Tag: hybrid technology
Volkswagen is taking everything it has learned from the introduction of the XL1, the world’s most fuel-efficient hybrid car, and applied it to a high-production vehicle, a plug-in hybrid version of the up!, called the twin up! concept. To be presented at the Tokyo Motor show this year, the four-seater shares certain parts of its drive system with the XL1 including its diesel engine, electric motor, and DSG dual-clutch automatic transmission.
It was an easy conversion to install the compact plug-in hybrid since all new Volkswagen vehicles are configured to accept alternative drive systems as well as conventional ones. The only modification made in the production version was to lengthen the extremely short front overhang by 1.2 inches.
The twin up!’s 55 kW (75 PS) drive unit—consisting of a 35 kW (48 PS) 0.8-liter TDI Clean Diesel engine, a 35kW electric motor, a seven-speed DQ200 DSG transmission, and the power electronics—is mounted at the front of the car. Installed at the back, behind the rear seats and under the trunk, is the “fuel storage system”: an 8.6 kWh lithium-ion battery, the 12-volt battery for the electrical system, and an 8.7-gallon fuel tank.
The car attains impressive efficiency thanks to a combination of good aerodynamics (0.30 Cd), a low unladen weight of 2657 pounds, lightweight plug-in drive components, and low rolling resistance 165/65 R15 tires. In all-electric model, for example, the twin up! has a driving range of 31 miles. In the “New European Driving Cycle”—the standard testing and comparison driving cycle for plug-in hybrid vehicles in Europe—the concept car returns a sensationally low fuel consumption figure of 214 mpg, which equates to CO2 emissions of just 27 g/km.
The twin up! highlights the fact that efficiency and driving fun will not be mutually exclusive in the future. In the city, in electric mode, the twin up! accelerates from 0 to 37 mph in 8.8 seconds on its way to a top speed of 78 mph. In hybrid mode, the car delivers 159 pound-feet of torque, a high number for such a small car. Out of town, the twin up! goes from 0 to 62 mph in 15.7 seconds and reaches a top speed of 87 mph.
For years, Porsche has teased with the its concept version of a plug-in hybrid supercar, the 918 Spyder. Just over a week ago, the car was unveiled in its production form and what a car it has turned out to be.
Powered by a mid-mounted, 4.6-liter V8 combined with two electric motors and a lithium -ion battery, the 918 Spyder’s output is 887 horsepower and accelerates from 0 to 60 in merely 2.8 seconds. Just running on electric power alone, it is capable of driving up to 18 miles around town. Top speed is 211 mph on regular power or 93 mph on electric.
Porsche says its goal with the 918 Spyder drop-top was “the parallel improvement of both efficiency and performance without one being at the cost of the other.” It says the 918 Spyder “will act as the gene pool for the Porsche sports cars of the future.”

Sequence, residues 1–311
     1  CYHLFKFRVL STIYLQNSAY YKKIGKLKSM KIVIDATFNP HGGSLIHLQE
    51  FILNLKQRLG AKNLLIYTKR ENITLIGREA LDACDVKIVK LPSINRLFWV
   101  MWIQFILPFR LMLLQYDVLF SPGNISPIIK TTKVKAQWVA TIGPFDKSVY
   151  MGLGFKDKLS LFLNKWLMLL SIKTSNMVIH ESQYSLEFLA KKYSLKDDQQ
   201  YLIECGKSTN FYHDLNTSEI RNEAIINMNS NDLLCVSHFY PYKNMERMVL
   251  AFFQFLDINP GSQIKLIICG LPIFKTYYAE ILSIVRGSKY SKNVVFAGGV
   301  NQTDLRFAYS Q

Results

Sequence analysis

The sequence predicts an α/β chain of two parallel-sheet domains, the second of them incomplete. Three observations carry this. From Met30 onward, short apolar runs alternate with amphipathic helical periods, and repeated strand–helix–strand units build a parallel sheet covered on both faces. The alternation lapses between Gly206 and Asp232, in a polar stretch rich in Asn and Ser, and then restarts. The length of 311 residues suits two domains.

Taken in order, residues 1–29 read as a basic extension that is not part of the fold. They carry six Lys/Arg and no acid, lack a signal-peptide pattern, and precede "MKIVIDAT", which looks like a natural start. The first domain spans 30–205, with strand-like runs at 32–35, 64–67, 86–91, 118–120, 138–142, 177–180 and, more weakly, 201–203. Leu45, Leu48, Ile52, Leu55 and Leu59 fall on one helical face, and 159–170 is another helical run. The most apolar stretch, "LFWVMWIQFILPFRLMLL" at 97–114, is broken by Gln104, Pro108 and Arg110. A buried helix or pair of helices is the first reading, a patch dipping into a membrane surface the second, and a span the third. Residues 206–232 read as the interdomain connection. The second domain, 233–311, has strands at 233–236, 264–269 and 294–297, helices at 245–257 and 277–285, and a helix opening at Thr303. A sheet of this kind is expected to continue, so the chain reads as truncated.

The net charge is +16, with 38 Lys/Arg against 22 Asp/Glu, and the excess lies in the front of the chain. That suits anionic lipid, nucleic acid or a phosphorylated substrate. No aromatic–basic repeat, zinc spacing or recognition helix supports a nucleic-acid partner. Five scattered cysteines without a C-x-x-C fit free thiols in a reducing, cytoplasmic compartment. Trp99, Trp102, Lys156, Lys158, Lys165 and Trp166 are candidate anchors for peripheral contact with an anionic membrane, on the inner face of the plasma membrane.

It is evident that Porsche is not shying away from the fact that its latest supercar is a hybrid. There are five different driving modes available on the 918 Spyder: E-Power, Hybrid, Sport Hybrid, Race Hybrid and Hot Lap. With all that power mentioned on the track, the 918 is designed with a tamer side to deal with everyday driving. Its electric range is enough for a decent commuter range and it can be recharged from a standard wall socket in seven hours.
Despite the extra weigh of having to tote a hybrid battery, the car weighs only 3,715 pounds. The heaviest components are situated low to give the car more ground-hugging characteristics. Also, the rear axle is steerable to make cornering more precise and the car is all-wheel drive.
Only 918 of them will be built, starting on September 18, or 9/18. When it started taking orders a couple of years ago, the price was $845,000.
by Zach McDonald | HybridCars.com
Toyota‘s new Avalon Hybrid was released earlier this year as the latest product of Toyota‘s gradual push to offer hybrids across every segment of its vehicle lineup. The Avalon Hybrid‘s sibling, the Lexus 300h ES shares its drivetrain with the Avalon Hybrid but comes at a higher pricetag and with more amenities.
The Avalon platform, remade for 2013, is a full-size sedan line offering improvements in comfort and upgrades in features compared to the midsize Camry Hybrid. Performance and efficiency numbers are nearly identical to both the Camry and Lexus hybrids, with the Avalon providing up to 200 horsepower at an EPA average combined fuel economy of 40 mpg (the Camry averages 1 mpg better.) That should come as no surprise considering that the Avalon shares the same 2.5-liter Atkinson cycle engine with both vehicles.
Efficiency fares slightly better under urban driving conditions, where the hybrid can officially travel gas-free at speeds of up to 25 mph. In real world tests, reviewers have exceeded Toyota and the EPA’s efficiency estimates. GreenCarReports.com was able to keep the Avalon Hybrid in EV Mode at speeds of up to 48 mph, while Edmunds produced city fuel economy of 46.5 mpg during its 100-plus mile test.